Q8 ANSWER:

Joe: The rooting of Sorbus is vulnerable to extremes of environmental conditions. It doesn’t like heavy wet soil in winter and cracked soil in summer. Take a garden fork and lift and reduce compaction around the roots. Waggle the fork in the roots (“terra vent”). Mulch in winter. Monitor the tree and cut out dead wood.

Angela

OPG diary – August 2021

The Bank Holiday weekend was enlivened with a play “Family Tree” performed in the gardens, as part of the Greenwich & Docklands International Festival. Based on the life of Henrietta Lacks, it certainly lit up the garden!

'Family Tree' by Mojisola Adebayo, performed in Charlton House gardens as part of Greenwich and Docklands International Festival, August 2021

A very tall flowering plant which is just coming out in the garden has been catching the attention of visitors and volunteers alike. It is Vernonia arkansana ‘Mammuth’ and was featured this week on Gardeners World when Nick Bailey visited Knoll Gardens. Very appropriate as we bought our own Vernonia from Knoll Gardens back in May!

Together 21: Volunteers were in the garden for the borough’s Together 21 Festival. Very sad for visitors that it was such a drizzly day, but at least the garden liked all the water. Spirits not dampened but umbrellas were up!

CABAHS volunteer in the Old Pond Garden at Charlton House, August 2021

This is our bargain plant of the month – a Lysimachia clethroides specimen bought for £10 at Members’ recent trip to RHS Hyde Hall, and now split into 23 new plantlets. Filled up the whole corner of one bed, we are just so thrifty!

CABAHS volunteers dividing a Lysimachia in Charlton House gardens, August 2021
Old Pond Garden, Charlton House, August 2021
Persicaria amplexicaulis 'Firetail' in the Old Pond Garden, Charlton House, August 2021

A view of my garden is an excellent tonic!

Since my recent spinal surgery I have been frustratingly incapacitated. However who would not be cheered-up and consoled by a view like mine? From a prone position on my living room sofa I look out, through a huge glass sliding door, onto a beautiful panorama of colourful flowers. I had worked so hard in spring to prepare the garden knowing that my operation would put me out of action for a while.

Viv's garden

Looking from the sofa my eyes encounter the patio first, which is packed with pots of pelargoniums, lilies, geraniums, dahlias, fuchsias and a huge hanging basket overflowing with lemon -scented begonias. As I write I lament the denuding of our lemon tree outside the window, which bore 18 ripe, juicy lemons in early summer. I can’t complain, however, as my husband and I have enjoyed the fruits of its bounty in the form of 36 gin and tonics on many warm summers evenings!!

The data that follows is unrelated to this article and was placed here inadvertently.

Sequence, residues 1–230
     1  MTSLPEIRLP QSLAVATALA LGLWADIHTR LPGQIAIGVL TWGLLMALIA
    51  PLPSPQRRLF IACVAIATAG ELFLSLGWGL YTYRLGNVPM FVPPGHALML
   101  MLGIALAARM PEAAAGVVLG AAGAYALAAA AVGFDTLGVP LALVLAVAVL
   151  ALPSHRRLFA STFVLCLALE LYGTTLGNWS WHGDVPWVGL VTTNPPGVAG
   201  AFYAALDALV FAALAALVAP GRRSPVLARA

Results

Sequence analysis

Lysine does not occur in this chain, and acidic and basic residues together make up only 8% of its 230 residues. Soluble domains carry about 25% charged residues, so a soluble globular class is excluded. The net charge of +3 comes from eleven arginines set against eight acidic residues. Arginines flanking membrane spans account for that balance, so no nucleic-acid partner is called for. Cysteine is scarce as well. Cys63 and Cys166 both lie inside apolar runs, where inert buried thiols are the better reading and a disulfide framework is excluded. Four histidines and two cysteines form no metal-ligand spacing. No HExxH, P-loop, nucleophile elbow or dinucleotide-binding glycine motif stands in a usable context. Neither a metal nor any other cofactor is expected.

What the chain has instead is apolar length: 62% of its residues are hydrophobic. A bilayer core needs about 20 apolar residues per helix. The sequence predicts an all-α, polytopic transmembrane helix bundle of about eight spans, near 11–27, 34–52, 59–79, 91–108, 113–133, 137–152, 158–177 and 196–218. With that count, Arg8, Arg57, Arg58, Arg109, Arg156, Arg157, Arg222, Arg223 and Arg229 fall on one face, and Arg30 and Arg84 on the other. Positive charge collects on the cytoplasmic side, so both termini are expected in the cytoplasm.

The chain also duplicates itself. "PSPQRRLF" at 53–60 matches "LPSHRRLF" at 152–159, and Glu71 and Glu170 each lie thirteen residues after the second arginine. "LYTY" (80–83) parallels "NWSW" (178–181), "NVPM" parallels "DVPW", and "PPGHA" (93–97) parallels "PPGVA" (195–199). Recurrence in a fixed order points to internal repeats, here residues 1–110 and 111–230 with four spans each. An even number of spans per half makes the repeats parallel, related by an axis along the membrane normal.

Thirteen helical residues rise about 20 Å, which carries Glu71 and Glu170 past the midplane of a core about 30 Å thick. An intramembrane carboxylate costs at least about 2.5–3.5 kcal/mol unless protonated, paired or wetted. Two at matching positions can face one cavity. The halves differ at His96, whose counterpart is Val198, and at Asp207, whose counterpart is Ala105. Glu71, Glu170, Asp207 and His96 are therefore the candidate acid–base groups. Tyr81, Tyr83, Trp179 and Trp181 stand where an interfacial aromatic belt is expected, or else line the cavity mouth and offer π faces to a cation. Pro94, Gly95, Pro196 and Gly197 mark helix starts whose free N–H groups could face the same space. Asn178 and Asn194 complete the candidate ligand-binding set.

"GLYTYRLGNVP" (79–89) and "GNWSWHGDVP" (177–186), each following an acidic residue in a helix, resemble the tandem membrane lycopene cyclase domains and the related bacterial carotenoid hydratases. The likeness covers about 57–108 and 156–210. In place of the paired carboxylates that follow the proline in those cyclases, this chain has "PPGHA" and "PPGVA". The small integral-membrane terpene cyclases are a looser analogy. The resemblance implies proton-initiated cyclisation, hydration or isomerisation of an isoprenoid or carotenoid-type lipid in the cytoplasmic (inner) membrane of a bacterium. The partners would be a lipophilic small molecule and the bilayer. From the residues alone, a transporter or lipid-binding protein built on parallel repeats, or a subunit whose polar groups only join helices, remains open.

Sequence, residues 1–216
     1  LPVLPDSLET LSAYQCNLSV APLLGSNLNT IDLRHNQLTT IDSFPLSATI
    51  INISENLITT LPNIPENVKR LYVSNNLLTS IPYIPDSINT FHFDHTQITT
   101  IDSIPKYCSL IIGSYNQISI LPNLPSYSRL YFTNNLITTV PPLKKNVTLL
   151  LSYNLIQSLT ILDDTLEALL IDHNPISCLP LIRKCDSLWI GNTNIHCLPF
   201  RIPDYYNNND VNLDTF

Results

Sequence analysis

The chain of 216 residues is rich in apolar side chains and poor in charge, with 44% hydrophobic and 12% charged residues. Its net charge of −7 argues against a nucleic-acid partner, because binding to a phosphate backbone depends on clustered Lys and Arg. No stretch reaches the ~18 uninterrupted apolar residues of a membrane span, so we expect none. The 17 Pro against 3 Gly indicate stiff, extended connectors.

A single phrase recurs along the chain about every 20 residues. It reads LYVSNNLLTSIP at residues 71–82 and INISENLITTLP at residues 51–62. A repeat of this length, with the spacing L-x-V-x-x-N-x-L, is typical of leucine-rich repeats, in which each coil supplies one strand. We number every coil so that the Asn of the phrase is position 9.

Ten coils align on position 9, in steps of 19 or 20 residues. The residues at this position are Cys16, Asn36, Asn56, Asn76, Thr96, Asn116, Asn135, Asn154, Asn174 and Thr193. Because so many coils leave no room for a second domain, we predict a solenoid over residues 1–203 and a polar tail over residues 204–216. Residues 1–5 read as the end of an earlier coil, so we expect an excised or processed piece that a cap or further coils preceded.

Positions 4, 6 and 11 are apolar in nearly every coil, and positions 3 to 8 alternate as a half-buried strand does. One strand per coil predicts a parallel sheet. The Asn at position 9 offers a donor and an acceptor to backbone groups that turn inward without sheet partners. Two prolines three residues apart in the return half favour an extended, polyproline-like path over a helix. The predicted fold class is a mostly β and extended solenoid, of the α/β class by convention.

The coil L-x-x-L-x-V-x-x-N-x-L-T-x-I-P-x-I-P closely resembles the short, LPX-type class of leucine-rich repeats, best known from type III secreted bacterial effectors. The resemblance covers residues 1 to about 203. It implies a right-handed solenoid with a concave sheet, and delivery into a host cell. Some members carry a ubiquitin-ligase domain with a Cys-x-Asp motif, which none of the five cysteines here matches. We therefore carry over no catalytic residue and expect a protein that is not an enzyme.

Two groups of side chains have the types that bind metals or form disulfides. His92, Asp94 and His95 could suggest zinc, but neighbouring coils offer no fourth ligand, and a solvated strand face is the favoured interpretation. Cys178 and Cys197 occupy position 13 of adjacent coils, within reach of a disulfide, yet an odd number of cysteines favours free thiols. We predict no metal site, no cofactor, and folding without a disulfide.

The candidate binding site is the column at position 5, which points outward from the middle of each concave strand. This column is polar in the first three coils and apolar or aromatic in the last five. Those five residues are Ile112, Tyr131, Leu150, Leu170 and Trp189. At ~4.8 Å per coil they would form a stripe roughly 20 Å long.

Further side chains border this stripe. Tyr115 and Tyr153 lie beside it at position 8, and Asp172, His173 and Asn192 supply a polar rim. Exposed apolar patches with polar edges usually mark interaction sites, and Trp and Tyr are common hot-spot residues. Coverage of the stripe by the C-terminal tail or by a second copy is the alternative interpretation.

Soft grey patio pavers slope down from the patio onto a small lawn, it’s curved edges lined, on every side, with colourful flower beds. Although I have been cursing the snails, which have been devouring most of the annuals that I grew in the spring, they have at least left abundant golden rudbeckia and fluffy blue ageratum which tumble merrily onto the lawn.

Viv's garden

It’s a real delight to take a morning stroll (or hobble) around the borders to discover what has come into flower each new day. I have been thrilled with my new Alstroemeria ‘Indian Summer ‘ that are in full bloom right now. Hugh and I were so impressed when we spotted them growing on Wisley’s trial beds, that I came home to order them that very evening.

Beyond the alstroemeria, Geranium ‘Rozanne’ never fails to impress with masses of rich blue flowers from June to October. They create an excellent foil for Rudbeckia and blue spires of Perovskia beyond.  I’m so proud to have grown 6 different colours of Phlox this year. My latest addition, called Phlox ‘Blue Paradise’ is an incredible purplish blue. It’s just  wonderful!

Viv's garden

Towering flame orange Tithonia (Mexican Sunflowers), Cosmos ‘Purity’, Helianthus ‘Lemon Queen’ and evening primrose all add excitement and height at the back of the borders. Fortunately each bed is so jam-packed that there is not much room for weeds!

The only problem is… it’s snail & slug heaven! I have been shocked to find that this year’s snails must be a super-breed with jaws strong enough to eat through the hairy tough stems of sunflowers( all of them!!)

A tantalising glimpse of a brick-paved area and vegetable patch can be seen through an arch beyond the lawn. Today Hugh re-potted his banana tree and it can now be seen waving it’s huge leaves behind the bird bath in the middle of the brick circle. I can just about glimpse the scarlet flowers on the runner bean canes in our miniature veg plot on the far side of the brick circle, reminding me to ask Hugh to keep picking the veg for dinner each day. The enormous cucumbers (‘Swing’ F1) have been a real surprise this year. I grew them up a vertical support for them just before going into hospital and so many have grown in a few weeks just from one plant in one pot!

Well, I could carry on like this for ever. I haven’t even mentioned my new shade border with 4 newly purchased, remarkable clematis. (the best has turned out to be one called ‘Pernille’) My enthusiasm for my garden never wanes! Unfortunately the same cannot be said of my stamina which is being curtailed by too many painkillers currently.

Although I could not join  you all in Charlton House garden for the first real live meeting since Covid struck, I will be thinking of you all and hoping that the evening goes well.

Recovery from my op can take months but I am determined to bounce back in record time so wish me luck. Anyway how could I fail to recover quickly when I can see the biggest incentive outside my window?

Viv

Supporting Plants

Supporting plants in a timely manner has been one of members’ New Year’s resolutions on more than one occasion. I remember one reading: to support plants before they fall over!

But how to do it in a way that is both attractive and unobtrusive? In addition to which, you have to find the right materials. I have long been an admirer of the ‘birch halos’ used by Sarah Raven and at Great Dixter, for example, but had never attempted to create one.

This year I managed to find myself a pile of birch twigs and, inspired by the clear instructions in Arthur Parkinson’s book The Flower Yard, I had a go.

As you can see from the Antirrhinums, although not quite on the same level of skill, my efforts  are doing the job and don’t look too bad!

I wonder what other attractive supports members have found for themselves?

Vija